8 July 2003 Distortion corrected imaging using projected index computed tomography
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Abstract
Projected index computed tomography (PICT) is a newly developed technique that uses the measured optical path length from multiple optical coherence tomography (OCT) scans through a semitransparent sample to computationally reconstruct tomographic images based on the spatial variations of the refractive index. Since the index of refraction of most samples is not constant, a depth-wise distortion due to the varying index of the sample is evident. Using a highly reflective reference surface placed behind the sample, optical path length measurements yield an aggregate index value for each beampath through the sample. Rotating the sample allows a data set to be formed for multiple beam angles. These data can be understood as the projections of the object index, i.e. the Radon tranform of the index of the object. Using filtered backprojection algorithms set of projection data were used to reconstruct PICT images. The resulting images are free from the spatial distortions found in standard OCT. Experimental results show that PICT images correspond well with the dimensional characteristics of specific samples.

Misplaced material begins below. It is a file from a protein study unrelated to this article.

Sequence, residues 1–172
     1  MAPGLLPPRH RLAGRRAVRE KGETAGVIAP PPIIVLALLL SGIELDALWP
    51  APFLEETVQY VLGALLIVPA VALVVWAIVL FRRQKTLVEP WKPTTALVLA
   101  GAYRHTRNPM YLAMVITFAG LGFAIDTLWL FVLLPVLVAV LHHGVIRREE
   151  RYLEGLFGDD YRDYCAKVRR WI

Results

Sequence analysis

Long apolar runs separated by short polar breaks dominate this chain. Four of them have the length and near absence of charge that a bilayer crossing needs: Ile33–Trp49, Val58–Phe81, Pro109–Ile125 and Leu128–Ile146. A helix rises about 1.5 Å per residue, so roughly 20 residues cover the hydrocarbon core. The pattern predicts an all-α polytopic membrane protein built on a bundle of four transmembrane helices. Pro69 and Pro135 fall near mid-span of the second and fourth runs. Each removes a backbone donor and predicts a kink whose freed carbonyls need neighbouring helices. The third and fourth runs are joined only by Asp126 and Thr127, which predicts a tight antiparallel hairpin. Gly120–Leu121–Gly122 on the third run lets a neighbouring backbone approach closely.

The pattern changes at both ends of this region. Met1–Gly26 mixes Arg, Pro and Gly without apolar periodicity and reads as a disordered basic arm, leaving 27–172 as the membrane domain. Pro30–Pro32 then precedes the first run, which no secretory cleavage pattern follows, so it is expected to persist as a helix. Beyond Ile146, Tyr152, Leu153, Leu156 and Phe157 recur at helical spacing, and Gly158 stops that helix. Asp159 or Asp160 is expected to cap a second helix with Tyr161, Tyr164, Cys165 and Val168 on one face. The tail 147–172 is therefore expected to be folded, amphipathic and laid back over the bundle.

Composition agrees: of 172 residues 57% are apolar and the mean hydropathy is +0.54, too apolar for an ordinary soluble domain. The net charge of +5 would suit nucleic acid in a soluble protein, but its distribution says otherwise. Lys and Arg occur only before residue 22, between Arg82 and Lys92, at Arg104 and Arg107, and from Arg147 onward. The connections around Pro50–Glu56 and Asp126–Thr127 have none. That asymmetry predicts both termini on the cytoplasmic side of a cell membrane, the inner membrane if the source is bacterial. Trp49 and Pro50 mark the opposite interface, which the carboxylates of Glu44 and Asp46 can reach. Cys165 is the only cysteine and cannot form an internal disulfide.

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Adam M. Zysk, James Joshua Reynolds, Daniel L. Marks, P. Scott Carney, Stephen A. Boppart, "Distortion corrected imaging using projected index computed tomography", Proc. SPIE 4956, Coherence Domain Optical Methods and Optical Coherence Tomography in Biomedicine VII, (8 July 2003); doi: 10.1117/12.479031; https://doi.org/10.1117/12.479031
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